Thursday, December 13, 2018

I'm beginning to think Facebook might be evil, y'all

If you're reading this, you probably didn't get here from Facebook.

About a month ago the increasingly sinister social network "adjusted" its analytics for the umpteenth time, contiuing to alter who sees what on Facebook using an opaque, draconian system of values that it refuses to disclose. This happens often, suggesting a great many things ... none of them especially good. In the past these changes were often followed by pleas from content creators asking you to adjust your own behavior to overcome these new obstacles put between us by Facebook. "Don't forget to 'follow' our page!" "If you like our page, don't forget to leave a comment!"

I see fewer of these requests than in the past, mostly because content creators have given up. Facebook makes its money by selling advertising, but the value of that product changes from week to week. Facebook will ask you to pay to promote your page to gain more followers, and then ask you to pay to "help" reach those new followers. And then it randomly (?) adjusts its analytics so that fewer of those new followers see your content. Wash, rinse, repeat.

And the system is only getting more obtuse. Facebook doesn't like its users to leave Facebook, so links to other pages receive less visibility. (They do such a good job at this that we frequently find people who think The Collinsport Historical Society is a just Facebook group.) If you use an image or photo with "too much text" (however that is being defined this week) those images can also be flagged as possible advertising and be hidden from timelines. Frequency is even a problem: Post too often during a single day and the bartenders at Facebook will cut you off.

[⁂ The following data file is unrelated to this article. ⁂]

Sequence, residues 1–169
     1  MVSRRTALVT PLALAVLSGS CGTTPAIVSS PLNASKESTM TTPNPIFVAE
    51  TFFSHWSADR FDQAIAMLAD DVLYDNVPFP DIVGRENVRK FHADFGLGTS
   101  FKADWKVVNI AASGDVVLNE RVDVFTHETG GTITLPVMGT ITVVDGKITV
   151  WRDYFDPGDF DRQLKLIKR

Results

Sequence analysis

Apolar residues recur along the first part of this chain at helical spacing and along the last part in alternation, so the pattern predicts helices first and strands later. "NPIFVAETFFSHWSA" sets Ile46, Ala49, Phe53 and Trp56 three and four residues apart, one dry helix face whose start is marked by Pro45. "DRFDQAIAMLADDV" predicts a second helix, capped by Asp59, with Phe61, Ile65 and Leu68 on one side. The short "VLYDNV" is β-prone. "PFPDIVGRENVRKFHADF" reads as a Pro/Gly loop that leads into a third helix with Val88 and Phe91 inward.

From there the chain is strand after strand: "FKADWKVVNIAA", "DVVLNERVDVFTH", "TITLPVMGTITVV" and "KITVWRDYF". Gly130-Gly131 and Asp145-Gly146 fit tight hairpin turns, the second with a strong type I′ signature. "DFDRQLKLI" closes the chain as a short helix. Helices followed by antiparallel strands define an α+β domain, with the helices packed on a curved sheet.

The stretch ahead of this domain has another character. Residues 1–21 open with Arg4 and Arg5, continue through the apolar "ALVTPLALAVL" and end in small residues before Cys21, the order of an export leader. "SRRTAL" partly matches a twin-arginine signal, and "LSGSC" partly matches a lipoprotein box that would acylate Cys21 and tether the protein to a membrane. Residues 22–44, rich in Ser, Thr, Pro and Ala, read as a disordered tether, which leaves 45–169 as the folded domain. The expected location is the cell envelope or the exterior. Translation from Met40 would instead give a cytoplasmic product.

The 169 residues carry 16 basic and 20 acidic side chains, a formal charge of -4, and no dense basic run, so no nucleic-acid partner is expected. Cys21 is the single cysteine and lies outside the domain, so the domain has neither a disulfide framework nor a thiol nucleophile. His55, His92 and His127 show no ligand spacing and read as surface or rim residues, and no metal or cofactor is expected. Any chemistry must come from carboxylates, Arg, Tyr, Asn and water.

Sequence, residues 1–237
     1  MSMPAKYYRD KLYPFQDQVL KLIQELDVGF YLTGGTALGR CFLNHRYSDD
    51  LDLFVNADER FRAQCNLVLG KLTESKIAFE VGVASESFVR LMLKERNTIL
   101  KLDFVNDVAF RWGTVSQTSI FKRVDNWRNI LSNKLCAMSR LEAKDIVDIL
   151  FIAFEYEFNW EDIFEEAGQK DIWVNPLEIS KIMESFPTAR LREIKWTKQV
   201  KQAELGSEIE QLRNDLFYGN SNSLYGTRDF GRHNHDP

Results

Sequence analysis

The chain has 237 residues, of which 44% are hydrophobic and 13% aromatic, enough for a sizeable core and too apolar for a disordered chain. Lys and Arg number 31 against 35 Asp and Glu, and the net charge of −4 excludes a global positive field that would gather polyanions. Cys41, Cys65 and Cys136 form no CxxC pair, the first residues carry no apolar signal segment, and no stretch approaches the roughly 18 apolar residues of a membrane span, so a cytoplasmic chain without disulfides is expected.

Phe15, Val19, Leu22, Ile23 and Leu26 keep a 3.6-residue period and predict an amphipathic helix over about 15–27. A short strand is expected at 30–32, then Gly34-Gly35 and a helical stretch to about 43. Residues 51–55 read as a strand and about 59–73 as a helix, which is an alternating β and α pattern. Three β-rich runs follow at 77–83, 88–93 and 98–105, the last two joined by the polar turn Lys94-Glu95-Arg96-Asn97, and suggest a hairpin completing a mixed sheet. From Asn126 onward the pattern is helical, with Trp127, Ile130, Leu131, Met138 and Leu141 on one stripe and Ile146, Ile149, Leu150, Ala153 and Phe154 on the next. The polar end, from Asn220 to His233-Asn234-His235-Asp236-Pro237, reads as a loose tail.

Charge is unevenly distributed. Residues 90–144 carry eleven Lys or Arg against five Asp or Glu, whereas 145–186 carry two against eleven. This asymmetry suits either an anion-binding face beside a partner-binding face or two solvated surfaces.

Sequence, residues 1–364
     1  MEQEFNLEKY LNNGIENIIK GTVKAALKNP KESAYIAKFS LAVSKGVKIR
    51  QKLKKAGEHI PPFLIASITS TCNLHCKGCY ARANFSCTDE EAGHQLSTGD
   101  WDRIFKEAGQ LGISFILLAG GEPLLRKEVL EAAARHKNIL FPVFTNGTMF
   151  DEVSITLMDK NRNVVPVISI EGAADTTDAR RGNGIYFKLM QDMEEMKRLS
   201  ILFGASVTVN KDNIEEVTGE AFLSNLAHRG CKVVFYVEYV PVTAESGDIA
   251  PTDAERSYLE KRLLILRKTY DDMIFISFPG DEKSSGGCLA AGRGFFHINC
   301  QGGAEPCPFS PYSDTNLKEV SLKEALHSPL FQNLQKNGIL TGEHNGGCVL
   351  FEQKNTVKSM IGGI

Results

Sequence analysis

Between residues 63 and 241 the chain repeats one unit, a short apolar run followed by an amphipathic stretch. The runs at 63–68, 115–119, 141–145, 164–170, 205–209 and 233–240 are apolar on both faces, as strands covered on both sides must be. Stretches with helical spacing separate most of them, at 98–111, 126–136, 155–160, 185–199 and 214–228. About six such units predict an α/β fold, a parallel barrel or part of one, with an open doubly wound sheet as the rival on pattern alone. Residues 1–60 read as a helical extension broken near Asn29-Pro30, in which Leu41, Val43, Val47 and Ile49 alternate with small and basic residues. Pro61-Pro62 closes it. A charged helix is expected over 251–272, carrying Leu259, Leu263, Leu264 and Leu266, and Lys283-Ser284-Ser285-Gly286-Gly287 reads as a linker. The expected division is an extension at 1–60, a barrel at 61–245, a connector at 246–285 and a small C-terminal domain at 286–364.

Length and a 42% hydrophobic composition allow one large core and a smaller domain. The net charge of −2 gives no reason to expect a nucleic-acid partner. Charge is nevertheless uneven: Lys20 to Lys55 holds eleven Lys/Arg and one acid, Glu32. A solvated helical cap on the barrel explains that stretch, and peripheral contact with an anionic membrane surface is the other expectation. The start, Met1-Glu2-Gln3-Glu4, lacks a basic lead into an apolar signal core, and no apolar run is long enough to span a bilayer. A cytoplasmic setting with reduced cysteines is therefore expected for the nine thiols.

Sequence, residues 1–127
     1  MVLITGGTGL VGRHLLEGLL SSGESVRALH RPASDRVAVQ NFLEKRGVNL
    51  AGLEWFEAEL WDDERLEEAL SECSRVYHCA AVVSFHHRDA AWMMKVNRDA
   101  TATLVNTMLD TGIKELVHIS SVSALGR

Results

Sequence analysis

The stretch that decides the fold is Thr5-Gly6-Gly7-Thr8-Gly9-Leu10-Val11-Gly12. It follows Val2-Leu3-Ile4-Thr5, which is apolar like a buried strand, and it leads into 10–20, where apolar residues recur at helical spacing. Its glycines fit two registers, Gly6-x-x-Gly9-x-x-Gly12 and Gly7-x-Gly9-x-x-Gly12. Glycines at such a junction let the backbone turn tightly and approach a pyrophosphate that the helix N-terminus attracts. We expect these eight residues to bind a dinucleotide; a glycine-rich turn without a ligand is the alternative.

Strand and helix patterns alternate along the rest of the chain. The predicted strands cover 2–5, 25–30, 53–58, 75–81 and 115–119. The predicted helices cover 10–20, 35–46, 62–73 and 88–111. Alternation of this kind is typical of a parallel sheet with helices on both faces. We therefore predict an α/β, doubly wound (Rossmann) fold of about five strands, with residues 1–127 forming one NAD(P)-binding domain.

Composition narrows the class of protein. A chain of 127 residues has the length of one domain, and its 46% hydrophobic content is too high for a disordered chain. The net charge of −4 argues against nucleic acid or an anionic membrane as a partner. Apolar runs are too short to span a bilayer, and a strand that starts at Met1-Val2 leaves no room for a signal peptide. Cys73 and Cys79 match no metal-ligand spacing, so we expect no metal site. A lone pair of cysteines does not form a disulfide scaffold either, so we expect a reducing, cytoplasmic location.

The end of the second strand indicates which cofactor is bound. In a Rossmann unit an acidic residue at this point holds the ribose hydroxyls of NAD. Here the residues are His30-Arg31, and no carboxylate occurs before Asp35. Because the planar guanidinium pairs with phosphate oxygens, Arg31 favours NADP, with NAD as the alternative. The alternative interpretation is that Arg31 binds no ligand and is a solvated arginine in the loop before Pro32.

About a month ago Facebook adjusted its analytics and the traffic to this website dropped precipitously overnight. I've never seen such a sudden change in traffic here. You can review some of these changes yourself on The Collinsport Historical Society's Facebook page by looking at the number of engagements on post take a steep dive ... we are reaching fewer people on Facebook  despite having the largest audience we've ever had. It doesn't make much sense to invest sweat equity into a platform that is so invested in self destructing. It feels a little too much like lending money to a junkie.

If you like what we do, I'm not going to ask that you dive into your Facebook settings and make a bunch of changes that benefit us. But you might consider skipping Facebook entirely and visiting this website directly.

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